Liquor store no more

pile

Davie Street, Vancouver.

God bless L7 … the band is back

This should be a splendid documentary.

I saw this band in 1994 in a small Palo Alto club. One of my life’s beautifully overwhelming aesthetic experiences. I pray they come to Vancouver.

Best TV appearance by any band:

‘People Explain Why Their Job Sucks in Six Words’

It is hard to imagine any job I have had that actually “sucked.”

I very much like my current job, an applied communications and marketing professor at Kwantlen Polytechnic University. This job has been hard, especially when I was the  department chair, but it never actually “sucked.” I’ve taught at a few places; none of these teaching gigs could ever have sucked. That said, they were more-than-full-time jobs. Weekends were/are never off.

I was let go from Burger King at age 16 for somehow, weirdly, failing to put the fish filets on the fish filet sandwiches, but I actually liked that job, the pretty cashiers who were from my high school, the smell of the broiled burgers, the record store across the mall hallway.

I worked for Paul Kurtz. He was hard to work for, and rough. But he was wise and helped people’s careers including mine. The job did not suck. Though it ruined some mornings, afternoons, and evenings.

I worked for myself at Basil Communications Inc. That job did not suck, but my boss had issues.

My managers at Your Host (graveyard shifts) and Mighty Taco (more graveyard shifts, but with slightly drunker people) in Buffalo in the late 1970s were estimable and … thank you very much, managers, from this point in the future; my time at your workplaces definitely did *not* suck. It was, instead, charming, thoroughly. And I wrote a lot on the job and then after I ran home, loving memories and scenes and the exercise. (I had so much energy!)

Here is the Vice piece about the six words.

Salut!

One of my genius sisters has a birthday today.

I don’t even like writing the word ‘plagiarism’

As a communications professor, I have to attend to the possibility that some students will use words that are not their own. I believe I can usually tell when that happens – a change in diction jumps out at me after a lifetime of writing, editing and publishing – but this might not be the case.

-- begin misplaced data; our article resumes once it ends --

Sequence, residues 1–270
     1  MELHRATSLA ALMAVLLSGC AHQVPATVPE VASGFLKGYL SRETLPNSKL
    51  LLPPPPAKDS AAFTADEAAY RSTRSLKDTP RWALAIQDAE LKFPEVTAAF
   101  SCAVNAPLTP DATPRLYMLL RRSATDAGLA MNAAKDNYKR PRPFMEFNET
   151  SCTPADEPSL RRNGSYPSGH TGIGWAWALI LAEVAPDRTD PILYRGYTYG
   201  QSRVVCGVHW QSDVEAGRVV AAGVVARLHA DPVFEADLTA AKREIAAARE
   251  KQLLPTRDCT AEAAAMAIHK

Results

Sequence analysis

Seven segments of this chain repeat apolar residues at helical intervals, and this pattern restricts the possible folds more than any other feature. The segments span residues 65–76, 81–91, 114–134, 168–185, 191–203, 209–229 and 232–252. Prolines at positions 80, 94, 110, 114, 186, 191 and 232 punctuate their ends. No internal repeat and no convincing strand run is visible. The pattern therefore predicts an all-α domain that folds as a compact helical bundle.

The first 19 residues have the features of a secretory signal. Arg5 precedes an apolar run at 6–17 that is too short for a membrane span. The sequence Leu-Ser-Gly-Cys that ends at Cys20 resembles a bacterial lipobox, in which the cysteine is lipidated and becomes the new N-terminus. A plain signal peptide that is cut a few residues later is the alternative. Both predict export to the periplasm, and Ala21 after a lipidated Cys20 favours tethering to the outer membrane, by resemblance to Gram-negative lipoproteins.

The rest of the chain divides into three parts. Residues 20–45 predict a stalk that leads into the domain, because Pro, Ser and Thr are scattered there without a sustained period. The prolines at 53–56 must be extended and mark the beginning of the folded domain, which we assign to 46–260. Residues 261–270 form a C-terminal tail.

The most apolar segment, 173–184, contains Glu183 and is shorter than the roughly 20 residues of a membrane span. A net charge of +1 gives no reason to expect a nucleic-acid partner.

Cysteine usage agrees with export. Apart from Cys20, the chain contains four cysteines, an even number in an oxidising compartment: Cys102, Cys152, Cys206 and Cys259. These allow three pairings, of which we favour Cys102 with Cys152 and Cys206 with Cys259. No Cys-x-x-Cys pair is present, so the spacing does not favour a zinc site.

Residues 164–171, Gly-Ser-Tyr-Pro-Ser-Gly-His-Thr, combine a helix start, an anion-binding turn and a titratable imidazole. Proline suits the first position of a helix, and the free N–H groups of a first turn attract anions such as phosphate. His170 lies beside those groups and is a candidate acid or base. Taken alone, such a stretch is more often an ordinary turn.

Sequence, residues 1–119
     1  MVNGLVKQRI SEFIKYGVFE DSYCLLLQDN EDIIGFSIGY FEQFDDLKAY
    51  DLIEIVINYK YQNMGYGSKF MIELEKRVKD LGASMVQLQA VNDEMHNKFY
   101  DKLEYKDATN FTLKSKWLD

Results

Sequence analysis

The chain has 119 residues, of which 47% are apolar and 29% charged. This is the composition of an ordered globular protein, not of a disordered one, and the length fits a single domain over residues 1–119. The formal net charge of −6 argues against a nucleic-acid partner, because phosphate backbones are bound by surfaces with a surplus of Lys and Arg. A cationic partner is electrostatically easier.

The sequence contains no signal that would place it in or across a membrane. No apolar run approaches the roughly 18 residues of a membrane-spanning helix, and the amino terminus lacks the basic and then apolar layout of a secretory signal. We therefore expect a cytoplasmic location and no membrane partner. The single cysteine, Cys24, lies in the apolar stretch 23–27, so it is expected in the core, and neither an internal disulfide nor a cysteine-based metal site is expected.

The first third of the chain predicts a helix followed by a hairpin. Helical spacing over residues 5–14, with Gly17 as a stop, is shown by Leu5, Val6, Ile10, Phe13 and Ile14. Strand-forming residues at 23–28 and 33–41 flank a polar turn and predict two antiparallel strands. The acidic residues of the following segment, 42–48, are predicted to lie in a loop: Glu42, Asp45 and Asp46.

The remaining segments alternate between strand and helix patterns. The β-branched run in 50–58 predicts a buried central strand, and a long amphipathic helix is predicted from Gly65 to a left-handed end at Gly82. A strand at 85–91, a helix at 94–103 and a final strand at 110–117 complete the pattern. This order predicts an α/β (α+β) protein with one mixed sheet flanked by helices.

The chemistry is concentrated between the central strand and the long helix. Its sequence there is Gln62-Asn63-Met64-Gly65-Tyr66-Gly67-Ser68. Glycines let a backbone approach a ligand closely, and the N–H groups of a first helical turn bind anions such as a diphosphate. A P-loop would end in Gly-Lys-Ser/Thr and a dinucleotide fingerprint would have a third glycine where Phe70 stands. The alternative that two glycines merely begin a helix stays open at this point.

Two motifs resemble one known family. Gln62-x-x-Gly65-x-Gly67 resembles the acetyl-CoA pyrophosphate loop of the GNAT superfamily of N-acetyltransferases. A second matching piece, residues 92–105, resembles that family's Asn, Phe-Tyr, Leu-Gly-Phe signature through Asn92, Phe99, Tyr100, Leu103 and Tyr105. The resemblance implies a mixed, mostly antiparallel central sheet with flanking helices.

This recent plagiarism scandal is especially puzzling because Jill Biokosky is herself an editor at an esteemed publisher as well as a poet and memoirist. She knows the rules.

Also puzzling to me is Biokosky’s non-apology:

[This reviewer] has extracted a few ancillary and limited phrases from my 222-page memoir that inadvertently include fragments of prior common biographical sources and tropes after a multiyear writing process. This should not distract from the thesis of this book, which derives from my own life, my experiences and observations. I will, of course, correct any errors that are found for future editions of the book.

Perhaps the ultimate puzzlement, to me, is that here is a poet who could not take care to recognize her own words, or to see which ones were not her own. Even I would go, “Hey, that doesn’t sound like me!” when going through my own work. I remember breathing every word, or that I could.

Tom Petty

I have always loved the music of Tom Petty, and was an especially conspicuous fan in my younger days. A friend wrote me this morning:

I instantly thought of you when I heard the news, in particular you telling us that you were in the Nevada desert, concluded you needed to hear “I Need to Know” and hitched back to 27 East Northrup [our hangout in Buffalo, NY] to hear it on our stereo.

I told part of the story at a poetry reading at Stanford University back in 1984:

TwoDaysInOnoePlace

(Click on the image to see larger words.)

Neighbour

DontWantIt